Global powers posture on the semiconductor industry and its impact on your portfolio

By Jason Crumley 1 March 2023 6 min read

In our series on China and its impact on the global economy, we dig into the implications of recent events to help investors better understand this particular region and make informed decisions about their investment portfolio. This information is not intended to encourage or discourage investment in specific geographic regions or specific companies. Similar to all countries, there are risks associated with investment allocation and security selection decisions.

At the forefront of the global technology race is the effort to improve semiconductor technology. Its widespread application and importance was highlighted in recent global supply chain challenges, as the lack of semiconductor supply led to shortages in everything from computers to automobiles. Adding to the complexity is the global technology trade posturing between the US and China over—at least in part—advanced semiconductor technology. This tension continues to increase through recent high-profile events, such as the high-altitude balloons that the US says poses serious risks to national security. The semiconductor industry, global trade relations and potential geopolitical risk in Taiwan (the world’s leader in semiconductor production) have far reaching implications and we look to share some insights.

What is a semiconductor? 

You may have heard the term “Silicon Valley” to describe a region where many technology and innovation companies are located. This term comes from the widespread use of silicon to manufacture semiconductors in the technology sector. Semiconductors are sometimes referred to as circuits, microchips or simply chips and are made from pure elements such as silicon. These silicon chips are used to conduct electricity in a controlled manner, allowing the current to flow more freely in certain directions. It is this controlled flow of electricity that allows vehicles, cellular phones, computers, televisions and even medical equipment to perform various functions. This technology can range from very simple electronic equipment controlling binary switches or very complex semiconductors used in advanced computing and artificial intelligence.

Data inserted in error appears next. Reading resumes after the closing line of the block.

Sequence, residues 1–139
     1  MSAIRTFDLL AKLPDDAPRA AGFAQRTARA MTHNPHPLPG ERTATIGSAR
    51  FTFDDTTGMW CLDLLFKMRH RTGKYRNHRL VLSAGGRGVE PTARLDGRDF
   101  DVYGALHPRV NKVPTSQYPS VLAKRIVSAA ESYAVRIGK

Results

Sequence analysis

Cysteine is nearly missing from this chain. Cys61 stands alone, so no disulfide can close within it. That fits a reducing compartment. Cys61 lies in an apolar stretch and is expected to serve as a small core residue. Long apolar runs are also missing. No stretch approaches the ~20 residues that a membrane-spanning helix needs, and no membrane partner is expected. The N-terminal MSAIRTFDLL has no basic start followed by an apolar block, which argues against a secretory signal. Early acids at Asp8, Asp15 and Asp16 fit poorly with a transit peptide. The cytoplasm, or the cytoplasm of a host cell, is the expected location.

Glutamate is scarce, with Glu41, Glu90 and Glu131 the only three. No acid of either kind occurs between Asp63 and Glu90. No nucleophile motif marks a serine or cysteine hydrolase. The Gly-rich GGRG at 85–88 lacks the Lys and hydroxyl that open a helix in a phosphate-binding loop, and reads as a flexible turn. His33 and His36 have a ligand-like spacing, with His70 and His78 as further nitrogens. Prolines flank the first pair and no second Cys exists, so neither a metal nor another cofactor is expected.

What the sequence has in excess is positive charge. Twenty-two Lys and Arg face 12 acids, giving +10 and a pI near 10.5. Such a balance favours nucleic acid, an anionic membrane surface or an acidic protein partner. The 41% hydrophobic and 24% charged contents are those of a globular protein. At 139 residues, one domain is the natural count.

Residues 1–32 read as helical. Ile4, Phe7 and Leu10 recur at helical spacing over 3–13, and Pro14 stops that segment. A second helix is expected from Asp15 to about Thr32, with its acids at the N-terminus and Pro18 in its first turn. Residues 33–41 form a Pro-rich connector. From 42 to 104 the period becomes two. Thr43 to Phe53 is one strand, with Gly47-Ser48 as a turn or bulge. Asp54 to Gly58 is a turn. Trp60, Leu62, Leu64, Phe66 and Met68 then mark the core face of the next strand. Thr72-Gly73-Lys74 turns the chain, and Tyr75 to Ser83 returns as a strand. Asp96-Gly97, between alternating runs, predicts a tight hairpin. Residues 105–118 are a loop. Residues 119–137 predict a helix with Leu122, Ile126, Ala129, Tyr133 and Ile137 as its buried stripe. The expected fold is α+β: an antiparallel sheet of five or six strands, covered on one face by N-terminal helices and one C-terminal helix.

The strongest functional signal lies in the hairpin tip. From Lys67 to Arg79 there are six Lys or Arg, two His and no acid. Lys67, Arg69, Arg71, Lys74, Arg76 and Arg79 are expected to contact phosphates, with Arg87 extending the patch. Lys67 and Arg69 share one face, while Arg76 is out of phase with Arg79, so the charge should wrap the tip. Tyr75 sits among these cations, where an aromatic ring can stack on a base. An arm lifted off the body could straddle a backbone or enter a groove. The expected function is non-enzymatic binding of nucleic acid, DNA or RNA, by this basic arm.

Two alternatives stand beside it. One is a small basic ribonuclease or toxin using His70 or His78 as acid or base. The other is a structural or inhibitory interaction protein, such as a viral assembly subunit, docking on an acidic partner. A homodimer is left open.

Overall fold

The semiconductor supply chain and market leaders

The semiconductor supply chain is a highly competitive global market with countries such as the United States, China, South Korea, Japan and Taiwan leading the industry in digital transformation, wireless connectivity, computing, gaming and artificial intelligence. While working at your desk you may notice the Intel sticker on your computer as a small advertisement for one of the largest chip makers in the world. Other technology companies like AMD or Nvidia are global leaders in chips that drive video game consoles for market leaders such as Sony (Playstation) and Microsoft (X-box), among other devices. Outside of the US, companies like Samsung (South Korea), Semiconductor Manufacturing International Corporation (China) and Taiwan Semiconductor Manufacturing Corporation (Taiwan) are among the largest semiconductor technology companies in the world. 

Largest semiconductor companies on the S&P 500

Source: Bloomberg

These companies are instrumental in providing technology that consumers use every day such as your computers, cell phones, home appliances, televisions and vehicles. In fact, the vehicle price inflation that we witnessed in 2021 was due in part to the microchip supply shortage which left many auto manufacturers without the key semiconductor technology needed to complete the automobile manufacturing process. This reduced the supply of vehicles to the market and dramatically increased the price of existing vehicles. We have also heard about the evolution of advanced computing and the specialized chips that are required for evolution of this technology. A great recent example of this is the popular application called ChatGPT and the new Google application called Bard. Both artificial intelligence technologies are driven by an enormous amount of computing power made possible by various global chipmakers. Given the reach that chip technology has, it's easier to see just how critical this small piece of technology is to our daily lives.   

The US and China are jockeying for market leadership